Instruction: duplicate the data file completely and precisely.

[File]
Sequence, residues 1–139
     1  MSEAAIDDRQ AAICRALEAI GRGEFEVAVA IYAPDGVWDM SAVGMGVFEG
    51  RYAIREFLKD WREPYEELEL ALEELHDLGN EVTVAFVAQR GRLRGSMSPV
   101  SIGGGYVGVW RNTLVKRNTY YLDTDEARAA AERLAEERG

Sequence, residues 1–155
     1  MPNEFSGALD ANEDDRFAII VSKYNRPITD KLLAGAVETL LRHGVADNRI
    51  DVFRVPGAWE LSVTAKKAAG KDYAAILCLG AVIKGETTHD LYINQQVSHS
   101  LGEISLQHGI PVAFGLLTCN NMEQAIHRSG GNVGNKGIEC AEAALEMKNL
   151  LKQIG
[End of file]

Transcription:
Sequence, residues 1–139
     1  MSEAAIDDRQ AAICRALEAI GRGEFEVAVA IYAPDGVWDM SAVGMGVFEG
    51  RYAIREFLKD WREPYEELEL ALEELHDLGN EVTVAFVAQR GRLRGSMSPV
   101  SIGGGYVGVW RNTLVKRNTY YLDTDEARAA AERLAEERG

Sequence, residues 1–155
     1  MPNEFSGALD ANEDDRFAII VSKYNRPITD KLLAGAVETL LRHGVADNRI
    51  DVFRVPGAWE LSVTAKKAAG KDYAAILCLG AVIKGETTHD LYINQQVSHS
   101  LGEISLQHGI PVAFGLLTCN NMEQAIHRSG GNVGNKGIEC AEAALEMKNL
   151  LKQIG